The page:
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Burns: Types and Severity

By HERWriter
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Burns related image Photo: Getty Images

Burns can occur when the skin is exposed to a variety of conditions. Heat or thermal burns are the most common in both adults and children. These burns can occur from fire, steam or hot objects.

Electrical burns are caused from contact with an electric source such as a cord that has become frayed or even from lightening striking. Chemical burns may result from exposure to household cleaners or substances used at a work to clean or manufacture products.

More mild burns may happen from exposure to the sun or a tanning bed causing a sunburn. Friction burns can result if our bodies are in motion and come in contact with surfaces such as asphalt or carpet. Even exposure to cold can cause a type of burn.

Burns are classified by different degrees depending on the severity of the burn and how far down into the skin layers there is damage.

First degree: Only affects the first layer of skin, the epidermis, and cause redness and mild pain. They are considered the least serious type of burns.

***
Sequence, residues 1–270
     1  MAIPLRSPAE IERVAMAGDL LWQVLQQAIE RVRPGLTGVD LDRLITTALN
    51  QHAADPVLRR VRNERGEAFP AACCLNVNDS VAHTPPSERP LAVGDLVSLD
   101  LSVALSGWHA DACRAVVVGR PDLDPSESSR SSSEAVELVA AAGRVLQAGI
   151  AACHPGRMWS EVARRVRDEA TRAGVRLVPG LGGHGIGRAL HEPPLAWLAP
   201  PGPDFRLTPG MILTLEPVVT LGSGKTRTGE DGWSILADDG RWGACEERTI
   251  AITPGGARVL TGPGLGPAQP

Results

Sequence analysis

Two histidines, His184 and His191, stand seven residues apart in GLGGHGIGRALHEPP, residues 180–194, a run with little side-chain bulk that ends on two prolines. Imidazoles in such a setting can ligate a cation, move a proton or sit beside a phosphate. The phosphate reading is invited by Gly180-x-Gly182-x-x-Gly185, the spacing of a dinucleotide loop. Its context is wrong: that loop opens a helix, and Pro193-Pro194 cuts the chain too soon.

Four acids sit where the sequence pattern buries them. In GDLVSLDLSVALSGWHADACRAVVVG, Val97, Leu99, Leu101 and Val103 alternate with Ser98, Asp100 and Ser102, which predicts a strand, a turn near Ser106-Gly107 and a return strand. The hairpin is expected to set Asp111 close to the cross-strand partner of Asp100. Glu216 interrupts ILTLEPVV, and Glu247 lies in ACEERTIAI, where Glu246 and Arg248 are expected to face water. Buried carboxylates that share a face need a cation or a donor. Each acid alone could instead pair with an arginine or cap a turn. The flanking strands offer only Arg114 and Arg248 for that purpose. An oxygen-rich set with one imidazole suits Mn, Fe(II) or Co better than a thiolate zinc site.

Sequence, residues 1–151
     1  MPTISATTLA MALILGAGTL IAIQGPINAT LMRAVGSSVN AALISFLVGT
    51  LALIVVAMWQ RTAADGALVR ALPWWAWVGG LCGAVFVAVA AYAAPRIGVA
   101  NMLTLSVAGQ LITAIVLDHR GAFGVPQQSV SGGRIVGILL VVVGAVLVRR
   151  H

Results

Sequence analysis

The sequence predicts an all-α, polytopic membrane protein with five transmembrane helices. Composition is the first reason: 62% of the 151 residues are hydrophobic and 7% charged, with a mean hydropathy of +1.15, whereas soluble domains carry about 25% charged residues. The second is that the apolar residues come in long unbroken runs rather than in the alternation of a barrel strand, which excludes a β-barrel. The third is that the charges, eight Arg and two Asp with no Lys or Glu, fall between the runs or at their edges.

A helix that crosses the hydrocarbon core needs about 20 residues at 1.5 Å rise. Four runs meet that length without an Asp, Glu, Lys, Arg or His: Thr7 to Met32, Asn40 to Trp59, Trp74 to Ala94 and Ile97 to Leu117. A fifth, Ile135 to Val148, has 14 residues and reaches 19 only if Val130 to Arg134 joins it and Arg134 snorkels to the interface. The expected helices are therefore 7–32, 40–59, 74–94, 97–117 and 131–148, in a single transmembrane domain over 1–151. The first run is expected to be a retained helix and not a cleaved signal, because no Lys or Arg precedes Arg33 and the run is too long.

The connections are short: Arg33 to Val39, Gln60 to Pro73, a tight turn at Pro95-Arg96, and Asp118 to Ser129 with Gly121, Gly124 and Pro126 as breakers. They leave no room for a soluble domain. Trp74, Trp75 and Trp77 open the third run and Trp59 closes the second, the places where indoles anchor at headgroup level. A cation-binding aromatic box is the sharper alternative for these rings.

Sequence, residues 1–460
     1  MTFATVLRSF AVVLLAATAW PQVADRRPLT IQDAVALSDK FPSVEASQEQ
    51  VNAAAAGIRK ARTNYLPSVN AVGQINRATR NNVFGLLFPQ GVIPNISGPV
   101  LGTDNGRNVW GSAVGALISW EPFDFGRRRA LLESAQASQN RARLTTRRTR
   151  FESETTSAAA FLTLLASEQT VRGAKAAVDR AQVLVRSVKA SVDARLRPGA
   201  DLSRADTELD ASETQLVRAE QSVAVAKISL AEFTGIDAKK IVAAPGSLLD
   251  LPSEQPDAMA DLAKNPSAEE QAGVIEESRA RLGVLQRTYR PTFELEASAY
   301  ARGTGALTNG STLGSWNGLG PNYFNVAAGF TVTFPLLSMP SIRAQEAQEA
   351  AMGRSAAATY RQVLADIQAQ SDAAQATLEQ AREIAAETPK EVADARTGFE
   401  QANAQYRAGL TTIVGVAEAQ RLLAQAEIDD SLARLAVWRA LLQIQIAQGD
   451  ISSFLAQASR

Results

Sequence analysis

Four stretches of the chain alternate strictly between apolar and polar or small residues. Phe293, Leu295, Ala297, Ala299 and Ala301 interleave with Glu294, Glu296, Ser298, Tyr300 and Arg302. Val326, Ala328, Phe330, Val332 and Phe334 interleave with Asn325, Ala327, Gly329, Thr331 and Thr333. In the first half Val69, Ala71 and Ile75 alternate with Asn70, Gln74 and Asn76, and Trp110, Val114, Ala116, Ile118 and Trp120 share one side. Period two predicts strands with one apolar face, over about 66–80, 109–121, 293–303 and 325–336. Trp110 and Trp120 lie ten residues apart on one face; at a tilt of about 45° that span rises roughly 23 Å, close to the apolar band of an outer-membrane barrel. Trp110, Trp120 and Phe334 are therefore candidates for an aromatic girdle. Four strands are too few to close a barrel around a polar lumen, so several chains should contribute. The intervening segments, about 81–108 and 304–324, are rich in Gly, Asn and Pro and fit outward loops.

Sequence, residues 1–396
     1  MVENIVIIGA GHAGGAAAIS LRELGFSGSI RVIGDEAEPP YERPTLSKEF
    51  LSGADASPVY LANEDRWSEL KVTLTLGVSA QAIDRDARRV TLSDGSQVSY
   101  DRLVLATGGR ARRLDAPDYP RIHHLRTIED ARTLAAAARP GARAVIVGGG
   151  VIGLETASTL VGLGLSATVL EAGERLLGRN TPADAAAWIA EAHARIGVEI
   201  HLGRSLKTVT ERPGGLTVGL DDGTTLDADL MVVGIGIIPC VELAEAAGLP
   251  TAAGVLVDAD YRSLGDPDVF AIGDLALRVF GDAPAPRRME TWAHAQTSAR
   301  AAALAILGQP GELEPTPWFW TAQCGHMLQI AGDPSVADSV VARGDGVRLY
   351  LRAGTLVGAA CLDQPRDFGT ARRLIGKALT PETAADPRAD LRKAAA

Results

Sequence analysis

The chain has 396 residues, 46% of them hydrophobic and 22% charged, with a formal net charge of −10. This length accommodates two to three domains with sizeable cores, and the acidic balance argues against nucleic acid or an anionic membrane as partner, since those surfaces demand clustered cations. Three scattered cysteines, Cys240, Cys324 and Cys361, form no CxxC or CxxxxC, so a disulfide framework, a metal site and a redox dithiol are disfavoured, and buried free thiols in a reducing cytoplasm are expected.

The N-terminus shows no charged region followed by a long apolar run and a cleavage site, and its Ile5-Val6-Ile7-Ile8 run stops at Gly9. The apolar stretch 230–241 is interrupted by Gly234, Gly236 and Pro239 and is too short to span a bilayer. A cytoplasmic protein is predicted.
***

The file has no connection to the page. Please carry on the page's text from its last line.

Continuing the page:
Second degree burns are divided into two types: Superficial partial-thickness burns and Deep partial-thickness burns. These involve the second layer of the skin called the dermis. In addition to redness and more severe pain, blisters may develop that ooze and the skin will appear to be blotchy.

Third degree burns, also called a full thickness burn: Severe burns that affect not only the skin layers but the structures below, such as muscles, tendons, nerves, blood vessels and bone. The skin can appear charred and pale. Usually there is little pain as the nerves have been destroyed. These burns must receive medical attention right away.

According to University of Maryland Medical Center, between one to two million Americans seek medical attention for burns each year. Between 50 and 70 thousand people are hospitalized with 30 to 40 percent of those being children under the age of 15.

Two major concerns in the recovery from burns are infection and dehydration. Because the skin already looks red and may feel warm it is more difficult to know when an infection is brewing.

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We value and respect our HERWriters' experiences, but everyone is different. Many of our writers are speaking from personal experience, and what's worked for them may not work for you. Their articles are not a substitute for medical advice, although we hope you can gain knowledge from their insight.


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